BLOOMINGTON — State Rep. Jeanne Ives thinks she has Gov. Bruce Rauner "in hiding" in advance of Tuesday's GOP primary.
"He's really not answering questions from anybody, and he's not answering questions from ordinary Republicans. He's pretty much setting up closed-door meetings with his favorite Republicans, and not talking to the broader audience of even Republicans," she told The Pantagraph during a campaign stop Friday in Bloomington. "I'm an open book. Primary voters know who I am."
The Wheaton lawmaker, who also met with supporters at the law offices of Stivers and Gramm in Bloomington, said she has momentum in the race's final days and still is getting her message out to unseat the first-term incumbent from Winnetka.
Her campaign said an internal poll this week has her trailing the governor 42 percent to 35 percent among likely Republican primary voters, though they haven't released details despite WLS, a Chicago TV station, reporting that Rauner called the poll "bogus."
"Turnout appears to be a little bit lower, at least in the early voting stages," said Ives. "We know historically that motivated voters show up (when turnout is low). ... Our voters are motivated."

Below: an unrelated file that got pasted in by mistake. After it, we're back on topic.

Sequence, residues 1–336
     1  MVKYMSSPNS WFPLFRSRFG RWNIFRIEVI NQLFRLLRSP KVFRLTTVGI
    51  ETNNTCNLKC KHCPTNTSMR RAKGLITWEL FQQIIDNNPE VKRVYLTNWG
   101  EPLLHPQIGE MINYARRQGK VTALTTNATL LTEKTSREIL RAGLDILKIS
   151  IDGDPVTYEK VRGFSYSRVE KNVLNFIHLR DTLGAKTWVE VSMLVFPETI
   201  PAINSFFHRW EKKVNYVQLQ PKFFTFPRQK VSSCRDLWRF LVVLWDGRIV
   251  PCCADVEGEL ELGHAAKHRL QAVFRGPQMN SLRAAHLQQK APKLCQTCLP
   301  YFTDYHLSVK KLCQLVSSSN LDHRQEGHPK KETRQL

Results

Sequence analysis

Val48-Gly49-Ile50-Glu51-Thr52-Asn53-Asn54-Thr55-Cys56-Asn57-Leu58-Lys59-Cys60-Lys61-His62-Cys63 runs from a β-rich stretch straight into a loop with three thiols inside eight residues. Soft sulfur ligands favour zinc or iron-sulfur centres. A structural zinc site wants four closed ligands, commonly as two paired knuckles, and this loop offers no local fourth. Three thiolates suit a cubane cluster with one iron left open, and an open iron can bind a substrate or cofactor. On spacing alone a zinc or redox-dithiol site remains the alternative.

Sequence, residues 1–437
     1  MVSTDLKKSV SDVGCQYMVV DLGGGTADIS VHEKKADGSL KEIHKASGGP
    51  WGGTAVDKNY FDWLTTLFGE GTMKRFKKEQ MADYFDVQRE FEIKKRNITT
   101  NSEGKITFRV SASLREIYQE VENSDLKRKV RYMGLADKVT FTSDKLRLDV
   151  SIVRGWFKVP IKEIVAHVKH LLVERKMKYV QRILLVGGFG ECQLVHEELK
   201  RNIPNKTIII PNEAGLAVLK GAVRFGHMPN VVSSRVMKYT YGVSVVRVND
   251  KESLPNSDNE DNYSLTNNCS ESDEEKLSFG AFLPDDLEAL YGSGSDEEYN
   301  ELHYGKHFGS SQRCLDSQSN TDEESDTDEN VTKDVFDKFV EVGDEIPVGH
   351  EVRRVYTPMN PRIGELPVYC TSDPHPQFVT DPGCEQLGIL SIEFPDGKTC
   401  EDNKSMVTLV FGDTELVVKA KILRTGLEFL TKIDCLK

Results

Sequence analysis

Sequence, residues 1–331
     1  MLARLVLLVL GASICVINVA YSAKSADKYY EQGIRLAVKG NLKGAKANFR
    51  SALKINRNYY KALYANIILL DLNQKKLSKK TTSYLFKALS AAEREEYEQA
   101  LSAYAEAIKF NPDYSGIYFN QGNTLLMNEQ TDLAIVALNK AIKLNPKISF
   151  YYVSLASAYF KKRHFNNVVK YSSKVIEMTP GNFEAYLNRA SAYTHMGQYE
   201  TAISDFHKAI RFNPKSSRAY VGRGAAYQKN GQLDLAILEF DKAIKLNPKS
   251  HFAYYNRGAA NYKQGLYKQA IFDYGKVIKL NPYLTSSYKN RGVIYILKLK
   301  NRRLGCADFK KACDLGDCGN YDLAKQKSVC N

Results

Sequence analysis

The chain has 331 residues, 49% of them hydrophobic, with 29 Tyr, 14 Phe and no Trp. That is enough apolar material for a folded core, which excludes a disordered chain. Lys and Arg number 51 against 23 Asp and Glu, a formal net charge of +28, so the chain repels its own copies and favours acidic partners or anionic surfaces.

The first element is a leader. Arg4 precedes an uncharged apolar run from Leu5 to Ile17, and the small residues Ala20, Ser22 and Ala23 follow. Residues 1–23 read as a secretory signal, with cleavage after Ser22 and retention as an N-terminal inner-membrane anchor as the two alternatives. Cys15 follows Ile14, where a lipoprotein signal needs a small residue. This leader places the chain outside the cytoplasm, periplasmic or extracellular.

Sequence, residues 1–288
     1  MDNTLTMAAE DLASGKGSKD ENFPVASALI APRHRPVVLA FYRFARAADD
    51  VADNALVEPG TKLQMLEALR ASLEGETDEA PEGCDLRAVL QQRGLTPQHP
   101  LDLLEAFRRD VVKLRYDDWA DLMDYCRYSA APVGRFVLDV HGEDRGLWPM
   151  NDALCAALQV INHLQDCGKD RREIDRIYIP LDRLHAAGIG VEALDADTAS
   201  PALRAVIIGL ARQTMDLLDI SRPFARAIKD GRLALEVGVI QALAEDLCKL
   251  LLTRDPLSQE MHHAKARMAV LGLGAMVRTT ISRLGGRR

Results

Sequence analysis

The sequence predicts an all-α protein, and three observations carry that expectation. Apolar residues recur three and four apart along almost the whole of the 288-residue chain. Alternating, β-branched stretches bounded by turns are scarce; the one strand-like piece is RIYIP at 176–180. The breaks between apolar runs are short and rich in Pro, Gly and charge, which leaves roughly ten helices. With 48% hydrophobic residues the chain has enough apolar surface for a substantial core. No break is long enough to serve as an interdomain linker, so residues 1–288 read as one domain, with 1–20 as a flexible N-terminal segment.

Ives also pointed to a gun dealer licensing bill Rauner vetoed this week as a sign he's worried about losing Republican voters. Ives voted against the bill, which Rauner could have waited until after the primary to sign or veto.
She also voted against two other bills intended to make it more difficult for residents to buy assault weapons, though she supported a ban on bump stocks, which help semi-automatic weapons fire like automatic weapons.
"They're arbitrary and they're not going to solve anything. All you're doing is putting additional laws on law-abiding citizens," Ives said. "It's not solving the Parkland (shooting causes), either, because none of these bills dealt with mental health, and none of them dealt with government accountability."
Ives said she looks forward to continuing to work on legislation as a representative for the remaining months of her term if she's defeated Tuesday. If she wins, she's confident she'll find the money to mount a general election campaign despite a meager campaign fund compared to Rauner or Democratic front-runner J.B. Pritzker.
"We'll have to go out and seek some more donations," she said. "We have no doubt that the resources will be there to compete in the general."
Ives said she has no preference in the Democratic primary, saying none of the top candidates has been strong enough in opposition to House Speaker Mike Madigan of Chicago, who also is chairman of the Illinois Democratic Party and a frequent Rauner target.
Ives said she's also not worried about Democratic Governors Association TV ads that say she's too conservative for the state due to her anti-abortion, pro-gun and anti-immigration stances.